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Over the last year, Opt Out School’s van, dubbed the Magic School Bus, carried 10 students to learning adventures in multiple national parks, across state lines, and to local explorations.

The new micro-school launched last year, as families adjusted to pandemic-caused changes in the world of education and started looking for flexible, independent learning options. With increasing interest and a new partnership, the school is tripling the number of students it accepts and expanding to offer full K-8 grade learning.

“I wanted to be Miss Frizzle,” joked Michaella Croskey, founder of Opt Out School. “She has about eight kids and she’s putting her students through real life challenges and adventures. That was the idea.”

Croskey, who has seven years in education, previously worked in the Big Sky School District and Anderson School. She had decided to take a break after feeling public schools weren’t the best fit for her.

When the COVID-19 pandemic hit and upended education, Croskey saw families looking for a smaller school experiences and felt it was the right time to launch her own.

“I think one of the positives of last year was that parents were forced to get up close and personal with their child’s learning and saw what was maybe working and what wasn’t,” said Croskey. “…People are a little more mindful of ‘What does my child need?’”

In a nutshell, Croskey said, the school is focused on experiential learning and being outside to learn beyond school walls as often as possible.

Some of the more unconventional lessons included pottery, cooking, outdoor hike lessons with MOSS and larger trips to national parks like Zion National Park and Bryce Canyon National Park.

Croskey was last year’s sole educator, or guide as the program refers to teachers, for the 10 students.

“I’m the bus driver and I’m the janitor and I’m the principal. It’s a very one-room schoolhouse vibes,” she said of last year.

This year, she has partnered with Jessica Dehn, who started the Explore Academy in September 2020. After connecting, the two co-founders decided to join forces and base their school on the Acton Academy approach, which focused on self-directed learning through real world experiences.

They plan to have 10 students in kindergarten to second grades, 10 in third to fifth grades and 10 in sixth to eighth grades. The two founders are hoping to recruit three new teachers for the expanded program, one for each grade band.

The school has seen interest from families who previously were enrolled in public schools, other private schools or homeschooled.

Sarah Orms, whose two children — grades four and six —enrolled at the school last year, said her family had known Croskey from her time at Anderson and already had a lot of confidence in her.

“Michaella made school fun,” she said. “There was just more opportunity to be a little bit more exploratory with what they learned and that was really valuable for them.”

The family was drawn to the learning outside of the classroom through outdoor adventures and letting the students be more independent.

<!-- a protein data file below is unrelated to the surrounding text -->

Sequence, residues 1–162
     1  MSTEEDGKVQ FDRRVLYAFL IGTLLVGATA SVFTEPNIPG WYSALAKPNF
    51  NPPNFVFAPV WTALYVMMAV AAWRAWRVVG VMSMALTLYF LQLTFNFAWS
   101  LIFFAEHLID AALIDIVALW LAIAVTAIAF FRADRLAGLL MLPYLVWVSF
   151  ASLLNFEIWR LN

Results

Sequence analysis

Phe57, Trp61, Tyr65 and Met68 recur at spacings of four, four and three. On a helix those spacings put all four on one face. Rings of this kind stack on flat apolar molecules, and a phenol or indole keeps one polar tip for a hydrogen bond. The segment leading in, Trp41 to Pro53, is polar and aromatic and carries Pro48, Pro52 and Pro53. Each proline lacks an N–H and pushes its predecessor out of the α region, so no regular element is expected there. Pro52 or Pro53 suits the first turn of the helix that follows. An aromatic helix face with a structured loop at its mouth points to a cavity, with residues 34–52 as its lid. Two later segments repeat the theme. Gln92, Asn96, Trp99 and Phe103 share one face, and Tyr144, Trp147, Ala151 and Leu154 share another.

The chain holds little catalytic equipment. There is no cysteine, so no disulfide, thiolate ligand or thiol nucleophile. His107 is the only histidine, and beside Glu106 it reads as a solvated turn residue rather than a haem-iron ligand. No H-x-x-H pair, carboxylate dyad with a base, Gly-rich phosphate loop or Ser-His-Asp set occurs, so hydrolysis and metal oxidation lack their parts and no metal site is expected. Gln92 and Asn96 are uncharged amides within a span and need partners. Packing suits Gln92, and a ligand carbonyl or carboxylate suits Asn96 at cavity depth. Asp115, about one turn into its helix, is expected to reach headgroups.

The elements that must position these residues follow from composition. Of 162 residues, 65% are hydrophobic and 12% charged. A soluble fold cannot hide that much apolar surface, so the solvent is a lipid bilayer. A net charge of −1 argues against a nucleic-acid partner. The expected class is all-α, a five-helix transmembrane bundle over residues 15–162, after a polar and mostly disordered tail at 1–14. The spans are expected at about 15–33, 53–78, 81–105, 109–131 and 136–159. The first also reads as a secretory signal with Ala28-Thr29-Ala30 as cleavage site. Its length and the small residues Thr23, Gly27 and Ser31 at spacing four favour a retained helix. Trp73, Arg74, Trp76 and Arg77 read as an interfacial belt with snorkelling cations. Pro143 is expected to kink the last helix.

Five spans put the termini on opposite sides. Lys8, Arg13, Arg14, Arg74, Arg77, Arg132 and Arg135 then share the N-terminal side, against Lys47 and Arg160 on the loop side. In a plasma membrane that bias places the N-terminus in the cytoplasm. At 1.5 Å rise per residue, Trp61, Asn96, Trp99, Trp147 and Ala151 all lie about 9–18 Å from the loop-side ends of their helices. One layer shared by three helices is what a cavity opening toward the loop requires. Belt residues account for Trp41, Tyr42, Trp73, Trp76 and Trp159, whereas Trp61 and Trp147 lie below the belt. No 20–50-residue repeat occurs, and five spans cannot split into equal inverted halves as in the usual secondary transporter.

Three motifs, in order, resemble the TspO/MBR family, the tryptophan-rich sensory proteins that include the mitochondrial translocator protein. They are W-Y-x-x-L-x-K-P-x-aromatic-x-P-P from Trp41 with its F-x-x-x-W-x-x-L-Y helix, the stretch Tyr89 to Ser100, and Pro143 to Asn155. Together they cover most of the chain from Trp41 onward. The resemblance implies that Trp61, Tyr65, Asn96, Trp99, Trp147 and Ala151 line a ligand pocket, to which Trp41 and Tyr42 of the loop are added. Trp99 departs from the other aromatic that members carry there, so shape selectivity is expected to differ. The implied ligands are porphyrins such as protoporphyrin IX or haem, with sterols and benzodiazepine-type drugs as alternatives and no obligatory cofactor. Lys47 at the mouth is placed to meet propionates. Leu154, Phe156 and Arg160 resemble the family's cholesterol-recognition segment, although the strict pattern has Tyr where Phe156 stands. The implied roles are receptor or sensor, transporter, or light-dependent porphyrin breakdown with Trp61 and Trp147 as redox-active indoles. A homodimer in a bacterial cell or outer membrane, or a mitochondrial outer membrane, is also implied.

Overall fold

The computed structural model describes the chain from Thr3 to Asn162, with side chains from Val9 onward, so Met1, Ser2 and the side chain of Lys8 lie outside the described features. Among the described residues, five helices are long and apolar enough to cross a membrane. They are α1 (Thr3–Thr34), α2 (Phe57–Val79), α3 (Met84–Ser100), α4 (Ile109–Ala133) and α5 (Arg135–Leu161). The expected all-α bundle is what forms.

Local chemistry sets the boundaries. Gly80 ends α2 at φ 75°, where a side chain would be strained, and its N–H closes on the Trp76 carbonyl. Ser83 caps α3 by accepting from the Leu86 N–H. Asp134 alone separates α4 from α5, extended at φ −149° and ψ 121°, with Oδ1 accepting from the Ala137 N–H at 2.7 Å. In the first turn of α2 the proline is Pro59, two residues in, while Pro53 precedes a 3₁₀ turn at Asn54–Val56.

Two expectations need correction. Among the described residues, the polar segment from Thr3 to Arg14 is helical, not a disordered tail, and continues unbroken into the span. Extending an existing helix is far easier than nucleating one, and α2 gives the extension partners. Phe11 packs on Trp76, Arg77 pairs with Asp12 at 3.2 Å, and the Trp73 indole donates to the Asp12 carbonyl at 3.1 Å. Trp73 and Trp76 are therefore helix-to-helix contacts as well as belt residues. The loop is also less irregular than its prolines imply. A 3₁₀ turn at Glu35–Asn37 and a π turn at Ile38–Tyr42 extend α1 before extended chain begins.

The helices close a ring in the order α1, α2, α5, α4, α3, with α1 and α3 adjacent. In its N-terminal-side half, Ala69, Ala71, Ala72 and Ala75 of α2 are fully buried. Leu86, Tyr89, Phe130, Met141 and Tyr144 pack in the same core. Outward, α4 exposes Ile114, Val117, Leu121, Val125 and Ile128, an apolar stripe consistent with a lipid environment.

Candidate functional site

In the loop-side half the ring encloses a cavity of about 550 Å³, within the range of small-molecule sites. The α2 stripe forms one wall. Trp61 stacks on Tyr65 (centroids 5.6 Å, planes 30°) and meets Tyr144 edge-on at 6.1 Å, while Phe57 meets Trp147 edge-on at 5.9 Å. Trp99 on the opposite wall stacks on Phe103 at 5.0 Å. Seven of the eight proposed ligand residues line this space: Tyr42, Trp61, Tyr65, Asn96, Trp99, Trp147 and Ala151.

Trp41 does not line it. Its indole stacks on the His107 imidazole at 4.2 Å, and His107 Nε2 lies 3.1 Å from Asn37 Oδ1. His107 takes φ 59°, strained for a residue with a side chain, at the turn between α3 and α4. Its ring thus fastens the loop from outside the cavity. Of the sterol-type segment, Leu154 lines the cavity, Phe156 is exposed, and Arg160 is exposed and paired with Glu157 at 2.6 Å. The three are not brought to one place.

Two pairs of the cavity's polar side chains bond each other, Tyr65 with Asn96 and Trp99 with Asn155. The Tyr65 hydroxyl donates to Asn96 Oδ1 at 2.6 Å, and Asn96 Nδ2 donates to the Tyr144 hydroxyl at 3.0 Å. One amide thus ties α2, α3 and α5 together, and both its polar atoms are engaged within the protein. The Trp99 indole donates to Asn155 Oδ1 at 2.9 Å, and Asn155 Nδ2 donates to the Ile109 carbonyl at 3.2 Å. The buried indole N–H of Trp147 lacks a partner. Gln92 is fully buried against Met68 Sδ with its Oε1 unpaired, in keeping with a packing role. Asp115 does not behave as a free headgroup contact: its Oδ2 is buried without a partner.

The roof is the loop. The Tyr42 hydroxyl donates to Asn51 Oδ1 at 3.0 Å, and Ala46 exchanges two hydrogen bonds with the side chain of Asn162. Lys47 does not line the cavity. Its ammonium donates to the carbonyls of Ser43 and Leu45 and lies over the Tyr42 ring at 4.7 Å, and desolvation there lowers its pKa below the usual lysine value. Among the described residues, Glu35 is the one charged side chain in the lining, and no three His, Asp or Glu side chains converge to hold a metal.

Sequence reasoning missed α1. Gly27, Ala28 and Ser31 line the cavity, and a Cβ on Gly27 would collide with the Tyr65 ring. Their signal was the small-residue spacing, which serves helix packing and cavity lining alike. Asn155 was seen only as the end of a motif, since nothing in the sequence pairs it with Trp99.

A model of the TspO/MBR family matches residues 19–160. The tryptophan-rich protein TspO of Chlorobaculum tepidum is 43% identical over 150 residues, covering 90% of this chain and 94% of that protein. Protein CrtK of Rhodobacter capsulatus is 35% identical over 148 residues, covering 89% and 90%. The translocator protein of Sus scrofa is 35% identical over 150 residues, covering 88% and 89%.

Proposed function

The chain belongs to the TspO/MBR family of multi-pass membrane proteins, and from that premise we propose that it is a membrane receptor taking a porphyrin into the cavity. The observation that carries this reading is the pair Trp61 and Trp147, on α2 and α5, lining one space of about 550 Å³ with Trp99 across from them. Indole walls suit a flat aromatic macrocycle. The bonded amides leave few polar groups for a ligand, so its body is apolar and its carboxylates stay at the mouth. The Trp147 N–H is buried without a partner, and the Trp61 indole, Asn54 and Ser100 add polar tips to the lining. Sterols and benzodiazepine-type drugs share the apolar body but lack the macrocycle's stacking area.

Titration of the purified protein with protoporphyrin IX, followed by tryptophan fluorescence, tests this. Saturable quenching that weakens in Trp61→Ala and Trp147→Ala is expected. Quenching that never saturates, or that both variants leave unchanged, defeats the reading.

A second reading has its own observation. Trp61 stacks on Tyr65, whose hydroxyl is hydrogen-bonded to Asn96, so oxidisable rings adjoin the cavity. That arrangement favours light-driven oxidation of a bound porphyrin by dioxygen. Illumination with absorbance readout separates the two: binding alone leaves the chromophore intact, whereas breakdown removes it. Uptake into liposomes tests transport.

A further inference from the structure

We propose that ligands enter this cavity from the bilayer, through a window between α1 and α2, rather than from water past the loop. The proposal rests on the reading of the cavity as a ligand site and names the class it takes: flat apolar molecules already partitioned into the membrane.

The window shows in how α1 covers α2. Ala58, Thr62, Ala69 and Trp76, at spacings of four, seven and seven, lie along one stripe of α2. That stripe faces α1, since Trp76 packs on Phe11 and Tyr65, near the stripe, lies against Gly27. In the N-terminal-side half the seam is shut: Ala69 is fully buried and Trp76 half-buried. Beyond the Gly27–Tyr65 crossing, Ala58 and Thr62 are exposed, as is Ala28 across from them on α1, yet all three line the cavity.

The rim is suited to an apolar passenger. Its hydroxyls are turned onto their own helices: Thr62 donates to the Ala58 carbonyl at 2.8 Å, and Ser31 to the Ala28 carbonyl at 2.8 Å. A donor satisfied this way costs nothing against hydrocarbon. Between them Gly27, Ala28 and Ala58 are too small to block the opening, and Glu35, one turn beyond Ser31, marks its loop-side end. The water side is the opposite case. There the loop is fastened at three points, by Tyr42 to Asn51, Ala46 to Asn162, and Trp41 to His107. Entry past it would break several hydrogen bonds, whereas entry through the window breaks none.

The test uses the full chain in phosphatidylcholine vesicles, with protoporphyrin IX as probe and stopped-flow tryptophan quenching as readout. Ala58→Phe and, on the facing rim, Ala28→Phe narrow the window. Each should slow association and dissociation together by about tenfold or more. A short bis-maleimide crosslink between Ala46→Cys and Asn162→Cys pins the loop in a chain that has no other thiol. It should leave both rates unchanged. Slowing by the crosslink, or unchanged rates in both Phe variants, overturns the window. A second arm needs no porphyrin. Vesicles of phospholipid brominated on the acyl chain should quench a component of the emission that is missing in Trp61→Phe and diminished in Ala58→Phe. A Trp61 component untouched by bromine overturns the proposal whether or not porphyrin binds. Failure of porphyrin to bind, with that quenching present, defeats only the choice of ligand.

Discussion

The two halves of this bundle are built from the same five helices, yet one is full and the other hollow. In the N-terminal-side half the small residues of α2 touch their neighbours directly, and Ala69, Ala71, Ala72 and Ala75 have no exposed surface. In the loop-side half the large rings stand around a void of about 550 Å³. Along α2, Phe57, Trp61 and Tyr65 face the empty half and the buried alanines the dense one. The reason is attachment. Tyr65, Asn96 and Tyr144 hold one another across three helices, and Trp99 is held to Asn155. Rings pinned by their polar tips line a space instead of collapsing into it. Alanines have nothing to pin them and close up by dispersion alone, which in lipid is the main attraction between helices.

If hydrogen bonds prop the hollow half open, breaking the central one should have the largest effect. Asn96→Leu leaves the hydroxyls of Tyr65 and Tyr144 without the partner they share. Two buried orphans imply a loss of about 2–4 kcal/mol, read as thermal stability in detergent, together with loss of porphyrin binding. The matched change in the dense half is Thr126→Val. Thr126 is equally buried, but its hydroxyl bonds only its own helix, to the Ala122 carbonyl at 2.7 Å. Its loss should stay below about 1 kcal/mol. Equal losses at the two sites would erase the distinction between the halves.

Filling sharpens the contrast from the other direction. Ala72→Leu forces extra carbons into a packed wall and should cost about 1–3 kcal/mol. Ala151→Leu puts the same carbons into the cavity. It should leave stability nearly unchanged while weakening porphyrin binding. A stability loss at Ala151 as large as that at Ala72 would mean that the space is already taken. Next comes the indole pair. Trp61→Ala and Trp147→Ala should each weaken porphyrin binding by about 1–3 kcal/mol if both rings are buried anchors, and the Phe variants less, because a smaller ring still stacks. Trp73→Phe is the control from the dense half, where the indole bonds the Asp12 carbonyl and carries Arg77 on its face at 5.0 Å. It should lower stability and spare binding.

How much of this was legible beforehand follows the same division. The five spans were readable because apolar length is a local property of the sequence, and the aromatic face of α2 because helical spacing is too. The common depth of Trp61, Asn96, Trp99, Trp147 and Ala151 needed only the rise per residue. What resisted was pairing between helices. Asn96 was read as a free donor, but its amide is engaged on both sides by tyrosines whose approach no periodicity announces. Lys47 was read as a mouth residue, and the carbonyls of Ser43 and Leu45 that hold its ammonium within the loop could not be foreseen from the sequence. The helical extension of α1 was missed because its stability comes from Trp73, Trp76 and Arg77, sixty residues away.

“I think the more compelling aspect of it for both them and us was to have more self-directed learning experiences. It kind of invigorated them for learning new things,” Orms said.

For example, Orms said, the trip to Zion included individualized learning opportunities, where each student could pick an aspect of the trip to learn more about. Rowan and Freya, Orms’s two children, chose to dig into the creation of Zion-Mount Carmel Tunnel and history and geology of Utah’s Kodachrome Basin State Park, respectively.

“It was a fuller picture of how that park spoke to them,” Orms said.

The experiential learning comes with a price tag though — roughly $4,500 per trimester, or $13,500 for a school year, and a legal commitment to enroll in the full school year.

Croskey said they will be offering limited scholarships for this next school year and there are hopes to provide more scholarship funds in the future.

The Orms family has made the decision to return to Anderson School for the next school year.

“It’s not in our financial wheelhouse to do it this year,” she said. “If it was possible, we would have seriously considered it.”

Orms said they were able to make it work last year because they also wanted the added security of a smaller learning group due to an ill family member who was at higher risk of COVID-19.

“It’s so disappointing to me that people who don’t have the means to do this, have such few choices,” Orms said. “… That model that Michaella is using to encourage the love of learning is so important and sometimes it gets lost in school.”

Opt Out School has filled 50% of its spots and is continuing to offer open houses and one-on-one tours for families ahead of the Sept. 7 start day. Croskey said they’re doing interviews with potential parents and encouraging families to find the right fit for their child.

At Opt Out, students are expected to be more independent learners and the school isn’t offering some services like daily buses to and from school and a provided lunch.

“We’re very clear it’s not for everyone,” Croskey said. “… You’re giving up some of the comforts of a larger school and we do put a lot of responsibility onto the student.”

For the next school year, the Magic School Bus will return to take students on more adventures but Croskey said the destination will be guided by what the students are interested in.

“If they have to plan it, they have such ownership over it that the trip goes really smoothly and they know what to expect,” she said. “They put their heart and soul into it.”

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Liz Weber can be reached at lweber@dailychronicle.com or 582-2633.

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